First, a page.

PROVIDENCE, RI - As communities across the country struggle with prescription drug abuse and opioid addiction, U.S. Senator Jack Reed is encouraging Rhode Islanders to take advantage of the upcoming National Prescription Drug Take-Back Day on Saturday, October 28 from 10:00 a.m. to 2:00 p.m., and discard unwanted pain killers and other prescription drugs at participating local police stations.  Over 30 Rhode Island locations are participating in this semi-annual event, which was started by the U.S. Drug Enforcement Administration (DEA) in 2010 to help educate the public about the potential for prescription drug abuse and provide an opportunity for safe disposal of expired, unused, or unwanted medications, including narcotic painkillers and other opioids.

The drop box service is free and anonymous, with no personal information collected and no questions asked.  A list of participating law enforcement and community partners across the state may be found at:

“National Prescription Drug Take-Back Day is an effective public health and public safety program that makes it more convenient for people to safely dispose of unused prescription drugs.  Getting these drugs out of medicine cabinets reduces the number of medications being misused or stolen.  Additionally, the program helps stop dangerous chemicals and pharmaceuticals from getting into our water supply,” said Senator Reed, a member of the Appropriations subcommittee that funds the DEA.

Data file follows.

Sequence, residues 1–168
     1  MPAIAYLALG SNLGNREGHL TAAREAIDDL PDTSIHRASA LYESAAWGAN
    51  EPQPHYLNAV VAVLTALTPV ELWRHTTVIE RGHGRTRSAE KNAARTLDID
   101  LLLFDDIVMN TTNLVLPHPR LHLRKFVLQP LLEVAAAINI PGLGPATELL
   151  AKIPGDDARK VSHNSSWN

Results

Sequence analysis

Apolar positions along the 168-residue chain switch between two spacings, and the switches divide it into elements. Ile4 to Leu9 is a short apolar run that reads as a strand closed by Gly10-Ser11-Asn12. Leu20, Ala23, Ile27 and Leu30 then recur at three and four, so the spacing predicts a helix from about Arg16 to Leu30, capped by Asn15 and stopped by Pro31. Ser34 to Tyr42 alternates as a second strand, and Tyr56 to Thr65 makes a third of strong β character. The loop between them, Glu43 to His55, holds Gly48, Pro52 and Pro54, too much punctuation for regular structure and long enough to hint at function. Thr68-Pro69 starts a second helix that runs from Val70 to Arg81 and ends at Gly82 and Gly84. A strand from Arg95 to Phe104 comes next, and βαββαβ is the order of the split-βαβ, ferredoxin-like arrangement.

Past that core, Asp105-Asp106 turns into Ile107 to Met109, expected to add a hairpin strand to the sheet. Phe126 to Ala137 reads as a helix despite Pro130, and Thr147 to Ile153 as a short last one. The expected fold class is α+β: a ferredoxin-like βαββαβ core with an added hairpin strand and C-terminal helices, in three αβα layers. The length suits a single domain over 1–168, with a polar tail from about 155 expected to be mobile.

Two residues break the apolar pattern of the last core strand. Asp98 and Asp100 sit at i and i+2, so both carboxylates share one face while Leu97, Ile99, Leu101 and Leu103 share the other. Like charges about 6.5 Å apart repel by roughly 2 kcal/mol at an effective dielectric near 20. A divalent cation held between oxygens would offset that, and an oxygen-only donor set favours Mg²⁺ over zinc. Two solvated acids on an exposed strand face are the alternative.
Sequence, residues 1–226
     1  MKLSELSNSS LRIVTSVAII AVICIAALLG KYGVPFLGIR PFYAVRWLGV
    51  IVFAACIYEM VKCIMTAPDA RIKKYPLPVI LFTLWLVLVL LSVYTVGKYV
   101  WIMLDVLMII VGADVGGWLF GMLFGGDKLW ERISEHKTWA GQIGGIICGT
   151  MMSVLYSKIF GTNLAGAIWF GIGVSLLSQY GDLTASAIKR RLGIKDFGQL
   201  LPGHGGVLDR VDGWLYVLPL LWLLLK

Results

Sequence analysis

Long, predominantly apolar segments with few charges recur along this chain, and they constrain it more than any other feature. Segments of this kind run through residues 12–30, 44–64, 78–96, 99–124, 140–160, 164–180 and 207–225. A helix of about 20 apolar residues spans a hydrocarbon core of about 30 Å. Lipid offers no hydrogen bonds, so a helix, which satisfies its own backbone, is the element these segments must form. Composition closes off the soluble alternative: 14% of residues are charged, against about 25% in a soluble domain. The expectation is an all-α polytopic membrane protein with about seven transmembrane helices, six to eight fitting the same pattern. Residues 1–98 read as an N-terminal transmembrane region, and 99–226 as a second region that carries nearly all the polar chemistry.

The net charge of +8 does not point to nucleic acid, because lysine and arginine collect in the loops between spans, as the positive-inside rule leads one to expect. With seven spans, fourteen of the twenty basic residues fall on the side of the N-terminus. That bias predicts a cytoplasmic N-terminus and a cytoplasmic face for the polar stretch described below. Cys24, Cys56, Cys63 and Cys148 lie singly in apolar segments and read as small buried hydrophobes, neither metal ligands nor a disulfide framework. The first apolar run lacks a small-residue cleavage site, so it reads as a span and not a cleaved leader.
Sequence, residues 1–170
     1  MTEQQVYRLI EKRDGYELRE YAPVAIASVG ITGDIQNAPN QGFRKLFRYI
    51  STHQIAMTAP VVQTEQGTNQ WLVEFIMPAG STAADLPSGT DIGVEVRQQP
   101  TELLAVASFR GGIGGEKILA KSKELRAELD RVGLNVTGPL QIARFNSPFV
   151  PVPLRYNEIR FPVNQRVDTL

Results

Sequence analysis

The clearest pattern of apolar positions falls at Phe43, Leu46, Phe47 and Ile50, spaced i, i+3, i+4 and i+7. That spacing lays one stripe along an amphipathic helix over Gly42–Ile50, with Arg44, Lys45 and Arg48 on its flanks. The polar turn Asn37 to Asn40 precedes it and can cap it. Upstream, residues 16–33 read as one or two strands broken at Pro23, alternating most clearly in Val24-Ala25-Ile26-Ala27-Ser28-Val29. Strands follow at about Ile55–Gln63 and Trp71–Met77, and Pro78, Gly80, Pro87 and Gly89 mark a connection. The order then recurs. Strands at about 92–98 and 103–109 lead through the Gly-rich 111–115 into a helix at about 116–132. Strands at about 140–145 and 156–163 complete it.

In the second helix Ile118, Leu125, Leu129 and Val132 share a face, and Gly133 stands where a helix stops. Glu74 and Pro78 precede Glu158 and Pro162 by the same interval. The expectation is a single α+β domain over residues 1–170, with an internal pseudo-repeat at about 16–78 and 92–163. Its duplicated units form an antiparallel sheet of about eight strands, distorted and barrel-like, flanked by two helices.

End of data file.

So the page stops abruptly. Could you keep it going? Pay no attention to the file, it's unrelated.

At the last National Prescription Drug Take-Back Day in April, Americans turned in 450 tons (900,000 pounds) of prescription drugs at almost 5,500 sites operated by the DEA and more than 4,200 of its state and local law enforcement partners.  Overall, in its 13 previous Take Back events, DEA and its partners have taken in over 8.1 million pounds—more than 4,050 tons—of pills.

According to the 2015 National Survey on Drug Use and Health, 6.4 million Americans abused controlled prescription drugs.  Many people who abuse prescription drugs, particularly young people, get them from family and friends.  The Office of National Drug Control Policy reports that about 70 percent of new abusers of pain relievers obtained their ‎pills from a friend or relative, often without that person knowing it.  

The Substance Abuse and Mental Health Services Administration (SAMHSA) also offers a free Behavioral Health Treatment Services Locator (a confidential and anonymous source of information for persons seeking treatment facilities in the United States) to find resources in your area:

Drop off locations on Saturday, October 28 will include: